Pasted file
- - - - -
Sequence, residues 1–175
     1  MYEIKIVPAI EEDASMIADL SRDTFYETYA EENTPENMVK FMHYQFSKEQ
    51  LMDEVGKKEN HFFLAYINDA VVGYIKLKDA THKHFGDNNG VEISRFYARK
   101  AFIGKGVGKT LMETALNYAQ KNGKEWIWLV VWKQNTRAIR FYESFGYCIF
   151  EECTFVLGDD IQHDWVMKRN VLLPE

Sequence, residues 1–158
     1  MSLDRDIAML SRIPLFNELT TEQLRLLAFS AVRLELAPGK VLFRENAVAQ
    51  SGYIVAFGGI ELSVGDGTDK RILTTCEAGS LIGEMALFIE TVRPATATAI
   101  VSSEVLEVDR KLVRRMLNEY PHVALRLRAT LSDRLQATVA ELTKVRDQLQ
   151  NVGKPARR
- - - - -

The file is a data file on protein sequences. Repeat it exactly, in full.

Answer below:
Sequence, residues 1–175
     1  MYEIKIVPAI EEDASMIADL SRDTFYETYA EENTPENMVK FMHYQFSKEQ
    51  LMDEVGKKEN HFFLAYINDA VVGYIKLKDA THKHFGDNNG VEISRFYARK
   101  AFIGKGVGKT LMETALNYAQ KNGKEWIWLV VWKQNTRAIR FYESFGYCIF
   151  EECTFVLGDD IQHDWVMKRN VLLPE

Sequence, residues 1–158
     1  MSLDRDIAML SRIPLFNELT TEQLRLLAFS AVRLELAPGK VLFRENAVAQ
    51  SGYIVAFGGI ELSVGDGTDK RILTTCEAGS LIGEMALFIE TVRPATATAI
   101  VSSEVLEVDR KLVRRMLNEY PHVALRLRAT LSDRLQATVA ELTKVRDQLQ
   151  NVGKPARR